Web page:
9015 Posted by Joe Burns
  • 23 May 2016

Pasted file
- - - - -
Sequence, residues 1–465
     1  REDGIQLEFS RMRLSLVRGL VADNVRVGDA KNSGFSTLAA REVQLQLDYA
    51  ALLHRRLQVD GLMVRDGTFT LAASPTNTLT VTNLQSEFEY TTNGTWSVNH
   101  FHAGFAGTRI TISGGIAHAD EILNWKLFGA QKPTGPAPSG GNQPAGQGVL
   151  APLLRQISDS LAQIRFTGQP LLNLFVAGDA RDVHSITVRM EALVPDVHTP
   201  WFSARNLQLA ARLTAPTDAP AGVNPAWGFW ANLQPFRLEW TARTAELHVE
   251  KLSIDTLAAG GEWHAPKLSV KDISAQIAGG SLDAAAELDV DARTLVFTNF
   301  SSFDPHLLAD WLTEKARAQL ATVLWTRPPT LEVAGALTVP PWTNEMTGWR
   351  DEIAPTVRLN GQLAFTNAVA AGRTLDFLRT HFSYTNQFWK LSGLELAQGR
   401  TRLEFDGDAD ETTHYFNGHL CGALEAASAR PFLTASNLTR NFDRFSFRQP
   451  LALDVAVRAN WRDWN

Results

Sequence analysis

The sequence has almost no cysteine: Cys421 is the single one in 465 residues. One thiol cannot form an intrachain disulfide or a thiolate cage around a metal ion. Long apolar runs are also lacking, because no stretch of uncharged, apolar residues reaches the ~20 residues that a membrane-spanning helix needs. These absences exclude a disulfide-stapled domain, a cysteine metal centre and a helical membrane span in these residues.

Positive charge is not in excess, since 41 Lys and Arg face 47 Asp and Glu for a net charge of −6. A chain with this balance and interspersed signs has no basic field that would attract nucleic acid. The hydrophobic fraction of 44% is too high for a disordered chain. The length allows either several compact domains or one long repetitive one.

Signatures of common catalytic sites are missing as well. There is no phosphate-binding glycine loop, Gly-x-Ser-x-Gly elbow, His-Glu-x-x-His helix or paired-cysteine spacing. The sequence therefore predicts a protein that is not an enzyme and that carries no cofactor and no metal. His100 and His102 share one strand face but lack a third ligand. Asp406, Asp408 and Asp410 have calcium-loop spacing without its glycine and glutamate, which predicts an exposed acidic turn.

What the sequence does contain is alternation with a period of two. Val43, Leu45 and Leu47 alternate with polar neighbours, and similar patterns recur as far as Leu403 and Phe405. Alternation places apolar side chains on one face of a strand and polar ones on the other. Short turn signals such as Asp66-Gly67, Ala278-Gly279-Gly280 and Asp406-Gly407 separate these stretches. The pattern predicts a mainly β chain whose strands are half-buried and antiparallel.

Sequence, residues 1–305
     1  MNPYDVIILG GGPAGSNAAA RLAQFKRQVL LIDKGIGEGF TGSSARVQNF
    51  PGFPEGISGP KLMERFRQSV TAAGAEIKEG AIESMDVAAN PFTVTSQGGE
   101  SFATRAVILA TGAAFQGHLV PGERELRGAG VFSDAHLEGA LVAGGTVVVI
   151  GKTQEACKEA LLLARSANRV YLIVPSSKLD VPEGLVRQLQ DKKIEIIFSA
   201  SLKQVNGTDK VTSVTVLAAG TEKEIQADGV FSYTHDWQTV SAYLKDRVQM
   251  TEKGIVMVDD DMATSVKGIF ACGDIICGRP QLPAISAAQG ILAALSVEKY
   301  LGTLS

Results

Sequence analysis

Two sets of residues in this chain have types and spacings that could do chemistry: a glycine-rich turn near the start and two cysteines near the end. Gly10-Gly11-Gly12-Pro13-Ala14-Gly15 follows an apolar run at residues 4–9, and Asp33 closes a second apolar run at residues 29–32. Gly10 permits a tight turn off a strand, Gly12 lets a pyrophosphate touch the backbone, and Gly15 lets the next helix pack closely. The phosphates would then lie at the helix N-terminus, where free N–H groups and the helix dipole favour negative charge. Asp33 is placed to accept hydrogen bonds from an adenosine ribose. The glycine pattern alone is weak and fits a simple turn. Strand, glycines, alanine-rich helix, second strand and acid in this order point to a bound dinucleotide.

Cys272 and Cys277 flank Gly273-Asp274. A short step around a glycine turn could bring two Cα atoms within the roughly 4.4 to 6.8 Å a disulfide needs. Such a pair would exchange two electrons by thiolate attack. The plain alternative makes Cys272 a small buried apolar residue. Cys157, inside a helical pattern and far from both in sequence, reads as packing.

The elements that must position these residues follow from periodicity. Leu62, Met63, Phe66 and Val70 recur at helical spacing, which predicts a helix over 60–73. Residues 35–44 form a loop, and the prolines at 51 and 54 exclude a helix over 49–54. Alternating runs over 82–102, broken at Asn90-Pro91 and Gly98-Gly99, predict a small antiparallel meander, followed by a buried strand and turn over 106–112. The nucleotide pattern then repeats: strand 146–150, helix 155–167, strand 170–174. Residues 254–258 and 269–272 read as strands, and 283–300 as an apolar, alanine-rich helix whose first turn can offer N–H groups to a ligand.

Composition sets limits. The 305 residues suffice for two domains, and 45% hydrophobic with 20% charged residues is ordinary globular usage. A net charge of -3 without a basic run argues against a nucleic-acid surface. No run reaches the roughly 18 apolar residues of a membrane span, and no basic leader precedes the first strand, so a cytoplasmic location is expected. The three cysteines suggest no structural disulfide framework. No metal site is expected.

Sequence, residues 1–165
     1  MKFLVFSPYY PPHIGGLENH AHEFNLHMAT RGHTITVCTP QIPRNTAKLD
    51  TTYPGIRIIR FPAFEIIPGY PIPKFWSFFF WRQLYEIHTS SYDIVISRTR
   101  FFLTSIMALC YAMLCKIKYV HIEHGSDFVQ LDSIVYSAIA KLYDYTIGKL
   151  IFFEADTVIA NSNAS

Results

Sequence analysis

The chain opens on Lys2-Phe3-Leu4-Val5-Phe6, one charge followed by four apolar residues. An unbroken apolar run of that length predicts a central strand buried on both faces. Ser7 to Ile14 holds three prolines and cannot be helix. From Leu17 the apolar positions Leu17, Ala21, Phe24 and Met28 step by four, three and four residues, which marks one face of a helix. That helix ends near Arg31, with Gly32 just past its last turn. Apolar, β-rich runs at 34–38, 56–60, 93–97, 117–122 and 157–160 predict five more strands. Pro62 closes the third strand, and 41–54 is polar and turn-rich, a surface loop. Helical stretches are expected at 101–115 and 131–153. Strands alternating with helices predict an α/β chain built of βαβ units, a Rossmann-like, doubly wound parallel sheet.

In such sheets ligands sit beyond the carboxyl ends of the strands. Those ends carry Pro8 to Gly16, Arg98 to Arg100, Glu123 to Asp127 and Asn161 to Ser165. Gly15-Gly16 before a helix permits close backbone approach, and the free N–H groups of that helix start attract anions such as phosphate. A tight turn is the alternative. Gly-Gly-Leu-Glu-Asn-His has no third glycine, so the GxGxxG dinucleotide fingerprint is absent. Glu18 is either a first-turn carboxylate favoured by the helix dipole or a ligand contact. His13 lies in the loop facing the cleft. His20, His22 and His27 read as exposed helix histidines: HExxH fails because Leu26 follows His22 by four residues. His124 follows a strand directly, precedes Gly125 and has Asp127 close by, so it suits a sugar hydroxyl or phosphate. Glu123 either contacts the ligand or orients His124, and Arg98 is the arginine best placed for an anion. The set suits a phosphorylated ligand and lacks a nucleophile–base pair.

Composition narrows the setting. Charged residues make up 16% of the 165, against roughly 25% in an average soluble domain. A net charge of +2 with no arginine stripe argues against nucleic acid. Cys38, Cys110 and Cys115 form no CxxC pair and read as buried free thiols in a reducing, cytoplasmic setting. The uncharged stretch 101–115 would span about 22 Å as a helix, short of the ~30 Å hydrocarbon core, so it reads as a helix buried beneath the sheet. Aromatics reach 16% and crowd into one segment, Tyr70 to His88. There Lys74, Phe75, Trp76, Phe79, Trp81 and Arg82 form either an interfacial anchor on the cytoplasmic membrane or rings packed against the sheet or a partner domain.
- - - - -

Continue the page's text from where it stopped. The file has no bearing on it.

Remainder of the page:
Joe Burns is the North West regional development manager for Localgiving. Before that he was a corporate fundraiser for a national charity, and worked with firms in the FTSE 100 as well as small family run businesses. Gone are the days when a company might simply pick a Charity of the Year, run a few events, and then send off a cheque in the post at year’s end, almost as an afterthought. Corporate supporters are now far more interested in mutually beneficial partnerships, where a company gets some sort of value out of donating to your charity. This may sound daunting, but corporate fundraising is an area that is rich in rewards, and a strong corporate partnership can bring in guaranteed income for many years; and this is before you consider the skills a corporate might bring, the in-kind donations available, and the potential pool of staff volunteers they can provide you with as well! So, how do you go about finding and then persuading a company to support you? Well, here are the key steps you need to consider. Which companies might work with you? The first thing you need to consider is the type of companies who your charity would appeal to. Broadly speaking, there are three ways you might appeal to a corporate supporter. Is there a clear link between the work you do and the corporate’s own work? When working at the road safety charity Brake, I arranged a number of partnerships with insurance firms, who shared our aims of reducing the numbers of crashes on the roads (as this would mean they would pay out less in claims!). Is there a local link? Does this company work in the same region or area as you? Companies are increasingly keen to be supporting their local communities, and here being small and local group can actually be a benefit compared to larger national or international charities. Have you got any personal connections? Does a trustee know the MD of a local firm? Have employees of a local firm used your charity? These kinds of connections can be very powerful when persuading a corporate to support you. What can you bring to the table? And what do you want from a corporate? So, you’ve got your list of potential corporate supporters to contact. Your next step is to ask yourself, what can I offer the corporates in question? Can I offer them volunteering opportunities for their staff? Can I arrange for a local press campaign, or can someone from my charity visit their offices to give a talk to their staff? Can I give them a shout out on social media? Are there capital costs they can sponsor and get their name on, such as a new building? There are lots of ways you can ‘add value’ to a corporate as a charity, if given a bit of thought. The next question to then ask, is what do I want from a corporate supporter – am I after financial donations, in-kind support, volunteers, or all of the above? What support can a corporate give, and would be comfortable to provide you with? If you can answer these two questions, then you can pull together a package that is very attractive to a local business.  The next and final step, at last, is The Ask. The Ask It’s at this point that many groups lose heart, as the idea of approaching a corporate can seem a little daunting. But don’t be put off – if you don’t ask you don’t get! The first thing you need to do is find someone within an organisation who would be right to approach. If you already know or have links with someone in a company, that’s a good place to start, but if not you’ll need to do some digging. Here LinkedIn can be invaluable, allowing you to search for individuals with specific job titles within an organisation. Many larger companies have dedicated CSR (corporate social responsibility) teams, who are an ideal first port of call. Marketing, communications and PR teams are also good people to contact, as working with a charity is also often a classic way for a corporate to portray themselves in a positive light. Finally, for smaller, really local companies like local solicitor or accountancy firms, don’t be afraid to reach out directly to partners or MDs! So, we now have a contact to approach. But how should we ask? Generally, corporate contacts are busy people – you can’t just ring and get through to them cold, especially if you don’t have any pre-existing connections. As such, the best approach is usually to either send them an email (where you have their address) or a message through LinkedIn (when you don’t). Keep the pitch simple and short, and focus on who you are, why you’ve got in touch, and the benefits you can offer a corporate in return for their support. Try to see things from their point of view – the work you do may well be vital and praiseworthy, but ultimately a corporate will need to see how they benefit too. Highlight any unique selling points you have, what they can get from working with you that no one else can provide, and again keep it brief. A corporate contact often has only a limited amount of time available to them, and it can never hurt to leave someone wanting more information. Ask if your contact would be interested in a meeting or phone call to discuss any partnership in more depth – you can give them all the details then. Don’t be put off if you don’t hear back straight away, and at the same time don’t be afraid of chasing your email with another one a week or two later if you don’t hear anything at all. If you have a large enough pool of potential supporters who you are contacting, it only takes one corporate to get back to you with an offer of support, and all your hard work will have potentially paid off! Found this blog post useful? You may also like:    Storytelling Tips for Charities by Becky Slack 5 free tools to share your organisation's story by Nisha Kotecha Get your charity’s voice heard by Duncan HatfieldDon’t save your pitch for the elevator by Emma BeestonHow Charities can tap into the hyperlocal by Zoe Amar